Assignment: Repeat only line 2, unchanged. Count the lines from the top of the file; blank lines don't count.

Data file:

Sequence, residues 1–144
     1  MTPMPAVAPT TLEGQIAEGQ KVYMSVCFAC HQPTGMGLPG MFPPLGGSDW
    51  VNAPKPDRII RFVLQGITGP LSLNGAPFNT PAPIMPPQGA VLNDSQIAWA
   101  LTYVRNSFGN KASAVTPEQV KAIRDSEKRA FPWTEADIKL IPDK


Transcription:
     1  MTPMPAVAPT TLEGQIAEGQ KVYMSVCFAC HQPTGMGLPG MFPPLGGSDW